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Best of Neuromarketing – 2013

It’s time for our annual roundup of the top 12 posts here at Neuromarketing. The main criteria for selection is the amount of reader sharing and overall views. I find that the discerning readers here are great at identifying the most useful content, so a “crowdsourced” approach makes sense. If I missed your favorite, leave a comment! […]

By |December 26th, 2013|

The Right Way to Reward Your Customers

Guest post by John Carvalho

In today’s fragmented marketplace, true brand loyalty seems like a hard thing for companies to acquire and harder still for companies to hang onto. Yet, it’s arguably ever more important.

Loyalty programs are a key tool for doing so. From a psychological standpoint, allowing consumers to earn and use perks lead to feelings of status, stronger brand-consumer relationships, increased word-of-mouth, and increased purchasing intentions. […]

By |September 17th, 2013|

Our Brains Make Facebook Worth $90 Billion

Those of us involved in social media know that people love to talk about themselves. They seemingly enjoy sharing the trivial, the personal, and occasionally the weird, details of their lives. Sometimes they overshare – as a longtime online community builder, I’ve found that “poster’s remorse” is common – people post something too personal and later regret doing so. So why do people share so much? New research from Harvard shows, in simple terms, that talking about yourself makes your brain feel good. […]

By |May 10th, 2012|

Juice Your Marketing with Dopamine

Dopamine-driven marketing sounds scary, but it’s more common than one might expect. Dopamine is a key element in the brain’s reward system, and when marketers trigger that system they can reinforce behavior and create positive associations. Ads that make consumers solve a simple puzzle can have this effect (see Puzzling Billboards, Schick Commercial’s Aha! Moment, and Puzzles Boost Brand Recognition, for example.) The dopamine kicker can also be generated using one of the hotter trends in marketing (and other forms of behavior modification): gamification. […]

By |April 10th, 2012|

Fight Impulse, Imagine the Future

Many of the decisions we make are guided by some kind of reward. Do I go through the McDonalds drive-thru window and get a burger and fries that will light my brain up like a Christmas tree, or do I delay eating until my planned meal-time and consume something healthy? Do I put part of my salary into my employer’s 401K retirement plan, or do I take the cash in my paycheck now? Do I buy the expensive camera at the retail store that I’m in, or perhaps save a portion of the price by shopping around at other stores or online? All of these decisions create a tension in our brains between a current reward and a future reward of (potentially) greater magnitude. While the brain tends to favor immediate gratification (see The Time Value of Bananas), new research shows that vividly imagining the future can help individuals make better, more future-oriented decisions. […]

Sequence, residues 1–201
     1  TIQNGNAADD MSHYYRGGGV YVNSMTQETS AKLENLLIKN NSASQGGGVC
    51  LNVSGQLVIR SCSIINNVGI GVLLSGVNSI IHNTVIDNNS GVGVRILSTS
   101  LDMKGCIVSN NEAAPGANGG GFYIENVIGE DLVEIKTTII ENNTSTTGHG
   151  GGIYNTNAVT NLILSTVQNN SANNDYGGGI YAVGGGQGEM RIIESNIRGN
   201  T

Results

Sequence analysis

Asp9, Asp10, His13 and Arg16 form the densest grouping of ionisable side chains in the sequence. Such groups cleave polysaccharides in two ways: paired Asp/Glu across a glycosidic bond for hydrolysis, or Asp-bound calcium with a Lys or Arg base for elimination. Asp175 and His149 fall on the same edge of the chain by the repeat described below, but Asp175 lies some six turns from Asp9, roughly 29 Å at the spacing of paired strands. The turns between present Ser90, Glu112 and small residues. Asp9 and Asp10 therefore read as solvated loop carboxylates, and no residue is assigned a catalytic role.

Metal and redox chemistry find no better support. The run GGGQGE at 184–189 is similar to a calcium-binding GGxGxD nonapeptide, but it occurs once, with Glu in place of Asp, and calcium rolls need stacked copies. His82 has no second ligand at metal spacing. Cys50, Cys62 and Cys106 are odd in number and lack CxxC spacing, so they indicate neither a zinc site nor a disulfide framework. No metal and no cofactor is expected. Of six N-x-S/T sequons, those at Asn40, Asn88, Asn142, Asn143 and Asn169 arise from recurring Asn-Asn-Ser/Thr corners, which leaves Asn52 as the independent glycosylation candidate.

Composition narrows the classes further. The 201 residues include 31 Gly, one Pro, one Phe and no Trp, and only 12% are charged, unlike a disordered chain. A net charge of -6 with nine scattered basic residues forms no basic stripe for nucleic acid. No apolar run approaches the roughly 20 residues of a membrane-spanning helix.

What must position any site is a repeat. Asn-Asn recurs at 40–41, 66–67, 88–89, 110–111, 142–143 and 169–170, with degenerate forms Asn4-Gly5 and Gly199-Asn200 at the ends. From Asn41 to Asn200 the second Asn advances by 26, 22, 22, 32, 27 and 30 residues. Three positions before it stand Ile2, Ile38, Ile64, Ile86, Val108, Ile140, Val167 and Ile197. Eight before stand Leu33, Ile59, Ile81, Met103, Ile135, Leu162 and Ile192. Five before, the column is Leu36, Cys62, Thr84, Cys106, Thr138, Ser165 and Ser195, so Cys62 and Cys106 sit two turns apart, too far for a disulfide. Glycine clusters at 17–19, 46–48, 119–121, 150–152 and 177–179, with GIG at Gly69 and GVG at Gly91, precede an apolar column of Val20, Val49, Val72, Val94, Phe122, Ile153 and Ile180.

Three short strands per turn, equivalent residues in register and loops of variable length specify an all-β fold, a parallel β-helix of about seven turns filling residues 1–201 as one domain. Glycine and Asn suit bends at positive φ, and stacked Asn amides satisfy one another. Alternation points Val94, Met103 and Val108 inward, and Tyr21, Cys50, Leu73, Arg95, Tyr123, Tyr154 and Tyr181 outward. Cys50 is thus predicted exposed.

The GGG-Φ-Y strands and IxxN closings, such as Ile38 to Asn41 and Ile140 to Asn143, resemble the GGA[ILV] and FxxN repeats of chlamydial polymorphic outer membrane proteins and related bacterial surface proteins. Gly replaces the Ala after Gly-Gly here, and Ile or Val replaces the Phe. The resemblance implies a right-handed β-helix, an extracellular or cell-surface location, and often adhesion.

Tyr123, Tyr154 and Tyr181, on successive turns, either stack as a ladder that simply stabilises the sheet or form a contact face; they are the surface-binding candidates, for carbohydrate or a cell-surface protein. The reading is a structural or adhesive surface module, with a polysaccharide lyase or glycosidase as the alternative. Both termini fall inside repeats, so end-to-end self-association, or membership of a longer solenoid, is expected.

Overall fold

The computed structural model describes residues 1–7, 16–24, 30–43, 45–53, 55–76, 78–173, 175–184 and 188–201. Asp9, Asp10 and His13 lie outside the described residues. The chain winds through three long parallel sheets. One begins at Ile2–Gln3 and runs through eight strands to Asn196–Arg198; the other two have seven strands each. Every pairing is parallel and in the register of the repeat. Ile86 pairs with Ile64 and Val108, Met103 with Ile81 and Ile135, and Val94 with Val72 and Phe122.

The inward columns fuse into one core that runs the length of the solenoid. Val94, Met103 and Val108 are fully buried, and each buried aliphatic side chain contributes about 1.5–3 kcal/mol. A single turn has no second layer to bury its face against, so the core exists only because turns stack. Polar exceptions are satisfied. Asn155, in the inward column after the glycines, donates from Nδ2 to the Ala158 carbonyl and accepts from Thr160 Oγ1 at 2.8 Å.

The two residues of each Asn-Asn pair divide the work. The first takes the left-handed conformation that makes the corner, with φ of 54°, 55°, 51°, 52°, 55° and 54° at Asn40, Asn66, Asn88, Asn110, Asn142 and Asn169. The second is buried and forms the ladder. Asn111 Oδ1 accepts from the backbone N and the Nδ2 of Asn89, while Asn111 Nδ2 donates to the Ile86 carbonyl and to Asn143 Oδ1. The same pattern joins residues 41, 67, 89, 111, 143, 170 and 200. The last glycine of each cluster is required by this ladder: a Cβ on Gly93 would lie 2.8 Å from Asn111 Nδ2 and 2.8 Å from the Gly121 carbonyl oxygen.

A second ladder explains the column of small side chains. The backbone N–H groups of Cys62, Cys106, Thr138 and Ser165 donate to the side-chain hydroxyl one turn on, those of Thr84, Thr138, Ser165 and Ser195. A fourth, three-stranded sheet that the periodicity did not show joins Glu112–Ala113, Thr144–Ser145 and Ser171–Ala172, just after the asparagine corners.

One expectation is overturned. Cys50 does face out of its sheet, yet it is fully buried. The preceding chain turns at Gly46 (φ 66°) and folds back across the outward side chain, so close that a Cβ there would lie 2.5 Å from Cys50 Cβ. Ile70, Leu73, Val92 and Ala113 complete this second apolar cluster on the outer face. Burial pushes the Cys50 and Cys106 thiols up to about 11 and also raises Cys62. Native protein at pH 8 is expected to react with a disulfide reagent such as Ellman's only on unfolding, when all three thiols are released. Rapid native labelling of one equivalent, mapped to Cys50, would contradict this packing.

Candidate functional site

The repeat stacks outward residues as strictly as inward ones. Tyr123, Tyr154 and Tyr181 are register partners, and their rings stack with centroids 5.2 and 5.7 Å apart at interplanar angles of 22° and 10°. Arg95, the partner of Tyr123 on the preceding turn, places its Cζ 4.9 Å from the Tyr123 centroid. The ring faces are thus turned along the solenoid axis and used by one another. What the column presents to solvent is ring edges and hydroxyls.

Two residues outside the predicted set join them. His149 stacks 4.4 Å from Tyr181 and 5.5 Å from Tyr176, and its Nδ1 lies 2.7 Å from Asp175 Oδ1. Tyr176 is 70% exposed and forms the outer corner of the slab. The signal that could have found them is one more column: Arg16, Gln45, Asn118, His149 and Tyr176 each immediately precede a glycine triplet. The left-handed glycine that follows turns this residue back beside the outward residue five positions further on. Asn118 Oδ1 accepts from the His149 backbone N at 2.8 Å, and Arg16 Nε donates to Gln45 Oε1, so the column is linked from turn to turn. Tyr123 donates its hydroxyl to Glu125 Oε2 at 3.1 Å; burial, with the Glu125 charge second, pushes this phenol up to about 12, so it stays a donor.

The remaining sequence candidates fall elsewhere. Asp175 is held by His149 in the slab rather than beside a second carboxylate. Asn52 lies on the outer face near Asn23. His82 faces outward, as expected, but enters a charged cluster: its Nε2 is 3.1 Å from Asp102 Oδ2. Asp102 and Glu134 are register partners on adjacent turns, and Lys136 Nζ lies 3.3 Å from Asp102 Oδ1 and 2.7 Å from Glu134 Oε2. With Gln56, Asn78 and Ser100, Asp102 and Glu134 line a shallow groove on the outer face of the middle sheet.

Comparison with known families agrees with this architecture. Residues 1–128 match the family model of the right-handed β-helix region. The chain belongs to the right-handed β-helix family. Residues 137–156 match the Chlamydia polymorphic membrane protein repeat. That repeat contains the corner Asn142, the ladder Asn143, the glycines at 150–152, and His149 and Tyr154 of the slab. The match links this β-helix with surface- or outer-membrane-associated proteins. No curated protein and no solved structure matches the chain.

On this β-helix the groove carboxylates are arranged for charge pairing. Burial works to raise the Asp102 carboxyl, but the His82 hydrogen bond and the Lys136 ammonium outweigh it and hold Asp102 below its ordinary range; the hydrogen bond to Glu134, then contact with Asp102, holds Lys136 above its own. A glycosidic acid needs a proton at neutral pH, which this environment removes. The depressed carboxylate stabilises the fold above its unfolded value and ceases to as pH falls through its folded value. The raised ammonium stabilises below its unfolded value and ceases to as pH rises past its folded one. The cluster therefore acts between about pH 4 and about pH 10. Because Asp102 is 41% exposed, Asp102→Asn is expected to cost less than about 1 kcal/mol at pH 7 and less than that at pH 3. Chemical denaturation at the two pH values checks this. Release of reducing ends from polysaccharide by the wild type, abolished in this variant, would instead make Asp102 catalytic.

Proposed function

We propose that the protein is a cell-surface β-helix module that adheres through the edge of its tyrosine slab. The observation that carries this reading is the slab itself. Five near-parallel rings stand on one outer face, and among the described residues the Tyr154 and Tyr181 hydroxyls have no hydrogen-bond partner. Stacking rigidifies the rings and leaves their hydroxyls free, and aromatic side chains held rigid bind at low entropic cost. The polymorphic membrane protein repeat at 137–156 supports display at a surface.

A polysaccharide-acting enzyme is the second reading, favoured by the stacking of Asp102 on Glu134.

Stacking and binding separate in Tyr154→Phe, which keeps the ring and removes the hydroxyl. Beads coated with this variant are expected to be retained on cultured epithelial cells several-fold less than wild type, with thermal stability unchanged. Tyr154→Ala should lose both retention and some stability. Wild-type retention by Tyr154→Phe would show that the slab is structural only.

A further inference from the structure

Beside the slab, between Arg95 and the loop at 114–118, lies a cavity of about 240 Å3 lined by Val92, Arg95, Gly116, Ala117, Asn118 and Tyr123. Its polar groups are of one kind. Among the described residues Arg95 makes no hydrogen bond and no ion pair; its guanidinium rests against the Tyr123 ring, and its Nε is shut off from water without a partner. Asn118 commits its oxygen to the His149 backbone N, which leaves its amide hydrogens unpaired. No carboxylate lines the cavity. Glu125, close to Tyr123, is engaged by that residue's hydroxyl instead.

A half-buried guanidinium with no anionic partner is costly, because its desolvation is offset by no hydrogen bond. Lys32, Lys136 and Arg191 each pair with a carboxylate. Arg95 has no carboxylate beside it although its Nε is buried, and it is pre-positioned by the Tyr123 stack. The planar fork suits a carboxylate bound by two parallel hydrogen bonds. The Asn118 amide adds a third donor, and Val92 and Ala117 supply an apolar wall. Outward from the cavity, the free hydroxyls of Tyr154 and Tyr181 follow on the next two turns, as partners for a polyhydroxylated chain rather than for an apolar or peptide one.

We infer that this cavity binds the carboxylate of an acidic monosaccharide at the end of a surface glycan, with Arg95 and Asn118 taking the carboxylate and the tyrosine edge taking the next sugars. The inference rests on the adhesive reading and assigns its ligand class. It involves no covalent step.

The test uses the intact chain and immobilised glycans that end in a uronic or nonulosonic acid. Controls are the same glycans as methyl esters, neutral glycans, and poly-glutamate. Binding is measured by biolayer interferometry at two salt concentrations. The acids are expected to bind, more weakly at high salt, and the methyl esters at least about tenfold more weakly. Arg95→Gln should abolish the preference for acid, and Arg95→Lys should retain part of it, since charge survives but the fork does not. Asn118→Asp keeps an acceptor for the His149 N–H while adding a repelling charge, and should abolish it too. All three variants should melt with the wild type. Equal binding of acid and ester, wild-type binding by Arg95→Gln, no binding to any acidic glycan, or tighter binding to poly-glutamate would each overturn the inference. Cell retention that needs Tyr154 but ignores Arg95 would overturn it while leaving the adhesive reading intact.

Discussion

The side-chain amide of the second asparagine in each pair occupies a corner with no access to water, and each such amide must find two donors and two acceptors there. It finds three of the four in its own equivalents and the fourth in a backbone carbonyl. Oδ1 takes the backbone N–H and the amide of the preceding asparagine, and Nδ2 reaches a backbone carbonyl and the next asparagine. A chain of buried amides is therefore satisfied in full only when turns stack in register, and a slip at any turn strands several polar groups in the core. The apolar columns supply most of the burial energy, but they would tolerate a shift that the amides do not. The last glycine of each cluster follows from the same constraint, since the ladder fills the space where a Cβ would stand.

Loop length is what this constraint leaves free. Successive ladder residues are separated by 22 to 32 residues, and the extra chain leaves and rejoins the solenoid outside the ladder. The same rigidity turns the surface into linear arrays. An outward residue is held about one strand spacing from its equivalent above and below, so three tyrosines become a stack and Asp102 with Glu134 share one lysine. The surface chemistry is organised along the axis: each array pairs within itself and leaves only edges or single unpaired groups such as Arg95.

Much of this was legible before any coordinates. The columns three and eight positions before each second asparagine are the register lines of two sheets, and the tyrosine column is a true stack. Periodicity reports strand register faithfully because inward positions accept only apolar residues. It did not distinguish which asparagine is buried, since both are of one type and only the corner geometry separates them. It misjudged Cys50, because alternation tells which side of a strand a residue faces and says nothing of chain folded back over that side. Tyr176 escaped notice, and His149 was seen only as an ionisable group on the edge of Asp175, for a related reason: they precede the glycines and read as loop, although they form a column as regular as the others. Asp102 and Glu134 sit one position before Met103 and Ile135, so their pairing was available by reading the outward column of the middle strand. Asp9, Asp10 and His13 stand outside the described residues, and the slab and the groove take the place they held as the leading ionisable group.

By |April 22nd, 2010|

Collecting Visitor Info: Reward vs. Reciprocity

Many of us work with websites that depend on collecting user information – lead generation sites, charity sites, etc. Often, these sites have information useful to those visitors. The knee-jerk reaction is often, “Force them to give up their info before we show them the good stuff.” If there’s a search engine optimization person helping with the site, the immediate objection will be, “You can’t put your best content behind a registration form – it won’t get indexed by Google or even linked to, and your traffic will tank!”

The good news is that there’s a strategy that will keep BOTH the SEOs and the numbers people happy. […]

By |August 28th, 2009|

Another Puzzle Billboard

After I finished my last post, Puzzling Billboards, I ran across what might be an even better example of a billboard that cleverly invokes the “aha!” phenomenon and possibly the neuromarketing reward mechanism I described in Marketing to the Infovore. While I didn’t have my camera handy as I zoomed by it, the concept of the billboard was simple enough to reproduce here: […]

By |March 27th, 2009|

Puzzling Billboards

In past posts like Puzzles Boost Brand Recognition and Marketing to the Infovore, I discussed how letting a viewer solve a little puzzle might provide a little reward in the brain and help the viewer remember the product or the brand. My post about Schick’s shrubbery trimmer got me thinking about puzzle marketing again, and brought to mind what would seem to be the most unlikely venue for confronting a customer with a puzzle: billboards.

The classic advice for billboard design is to keep it minimal. As drivers flash by in their cars, they don’t have time to read text, and, of course, the more text you put on the billboard the smaller the type size must be. The idea of incorporating enough of a puzzle to produce any kind of “aha!” reaction seems outlandish. But is it? Check out these billboards I spotted in Indiana recently: […]

By |March 24th, 2009|

The Power of “New”

Marketers know there are potent words in advertising, like “Free” and “New.” Neuroscientists have now determined that the appeal of “new” is hard-wired into our brains. Novelty activates our brain’s reward center, which may have been an evolutionary advantage to our ancestors as they encountered new food sources or other elements of survival. Today, we are no longer hunters and gatherers, but the novelty-seeking circuitry is still active and makes us find new products (and even repackaged old products) attractive. […]

By |June 26th, 2008|

Marketing and the Placebo Effect

We all know what the placebo effect is – give a group of patients a sugar pill instead of a medication with active ingredients, and some of them will show an improvement in their symptoms. Drug researchers treat […]

By |July 23rd, 2007|